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Saturday, September 20, 2014, 17:57

Experts urge rational judgment of investment in Alibaba

By Xinhua
 Experts urge rational judgment of investment in Alibaba

Specialist trader Neil Gallagher points to the ticker symbol for Alibaba Group Holding Ltd during the company's initial public offering (IPO) under the ticker "BABA" at the New York Stock Exchange in New York Sept 19, 2014. (Photo/Agencies)

WASHINGTON - As China's e-commerce giant Alibaba Group surged high on their first trading day at the New York Stock Exchange (NYSE) Friday, US experts appealed to investors to look at the high-flying company in a rational way.

The stocks of Alibaba jumped 38 percent from the IPO price of 68 dollars to 93.89 dollars per share Friday, valuing the company at over 230 billion dollars, compared with a market capital of 150 billion dollars owned by its American rival Amazon.

"To the Western world, Alibaba represents a company that has created value in novel and innovative ways and also has been to sustain that value growth over a span of 10 years. So they are betting on Alibaba's ability to keep doing this," said Puneet Manchanda, professor of marketing at Ross School of Business, University of Michigan.

Investors have seen how other e-commerce companies like Amazon and eBay have grown rapidly and they do not expect Chinese consumers to behave differently from Americans and people in other countries, said Linda Lim, professor of strategy at Ross School of Business.

Besides, Alibaba's well-established reputation and its leadership in the e-commerce area in China, the world's fasting-growing economy, attracted investors naturally, Lim said.

Yet in spite of Alibaba's good start at NYSE and its obvious charm, experts were also cautious about its future growth.

"It is always hard to predict the future," said Amiyatosh Purnaanandam, professor of finance at Ross School of Business.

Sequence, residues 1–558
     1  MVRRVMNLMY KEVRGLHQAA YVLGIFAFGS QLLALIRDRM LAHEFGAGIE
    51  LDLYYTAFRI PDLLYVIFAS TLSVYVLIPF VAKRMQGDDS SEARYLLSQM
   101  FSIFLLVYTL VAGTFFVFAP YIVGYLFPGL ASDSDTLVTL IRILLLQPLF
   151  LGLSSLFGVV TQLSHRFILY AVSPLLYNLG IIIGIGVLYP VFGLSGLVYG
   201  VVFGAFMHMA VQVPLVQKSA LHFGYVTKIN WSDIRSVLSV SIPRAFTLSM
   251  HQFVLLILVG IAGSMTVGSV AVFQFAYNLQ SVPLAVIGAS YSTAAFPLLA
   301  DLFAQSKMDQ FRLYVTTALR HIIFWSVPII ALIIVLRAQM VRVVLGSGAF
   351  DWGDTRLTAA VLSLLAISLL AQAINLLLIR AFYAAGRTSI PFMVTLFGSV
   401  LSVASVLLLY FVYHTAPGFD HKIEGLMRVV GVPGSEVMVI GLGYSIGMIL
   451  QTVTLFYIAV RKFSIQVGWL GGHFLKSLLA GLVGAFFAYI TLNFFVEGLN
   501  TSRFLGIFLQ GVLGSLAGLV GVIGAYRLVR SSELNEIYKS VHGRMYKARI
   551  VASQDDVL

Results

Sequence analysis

"But historically, a number of firms show very high growth rate just before their IPOs. More often than not these growth rates do not materialize in the long run, and the shareholders get disappointed with long-term returns," he said.

The current valuation of Alibaba is based on an expectation of 30-35 percent growth rate year-on-year, which will be an extremely hard task to achieve, he said.

Alibaba has good business foundations, but they are issuing IPO at a time when stock markets as a whole are at their historic peaks, which means that Alibaba's valuation is based on valuation of other companies at their peak, the professor said.

One reason that these firms have high valuation is the near-zero interest rate policy of the Fed, he mentioned.

If the interest rates increase in future, he expects a decline in stock market in general and Alibaba might suffer more from such a decline.

Lim holds a similar view with Purnaanandam.

The reason for high stock market valuations these days is because "money is cheap" due to central bank monetary stimulus around the world, Lim said.

It is hard to make a good return with stock values probably at their peak and bond prices likely to fall in anticipation of higher interest rates, she added.

Erik Gordon, professor of marketing at Ross School of Business, said: "I think the stock price will rise initially, stay high for a period of time, and then start to fall when investors have a clearer view of the company's future growth and profitability."

"Many Chinese tech companies fall out of favor in the U.S. and European capital markets because the expectations regarding transparent disclosure and regarding corporate governance are different than what Chinese companies actually do."

"It is a cultural difference and a legal difference," he stressed.

If Alibaba wants to improve its competitiveness, Puneet Manchanda, professor of marketing at Ross School of Business, gave a three-point proposal.

Firstly, Alibaba needs to leverage mobile to accelerate growth in China via m-commerce.

Secondly, they need to forward integration and exploit adjacencies to their business to get fast growth. One such example is logistics and supply chain.

And thirdly, they need to target different geographies, for instance, outside China, which will be the most difficult for them as their amazing success is largely based on their deep understanding of Chinese consumers, the Chinese political system and the overall environment. It is not clear that this advantage will carry over to newer geographies.

But Professor Manchanda believes that Alibaba has delivered consistently for a long time and they have a good portfolio of three stable businesses - Alibaba, Tmall and Taobao. These will continue to generate good, if not spectacular, returns.

 
 
 
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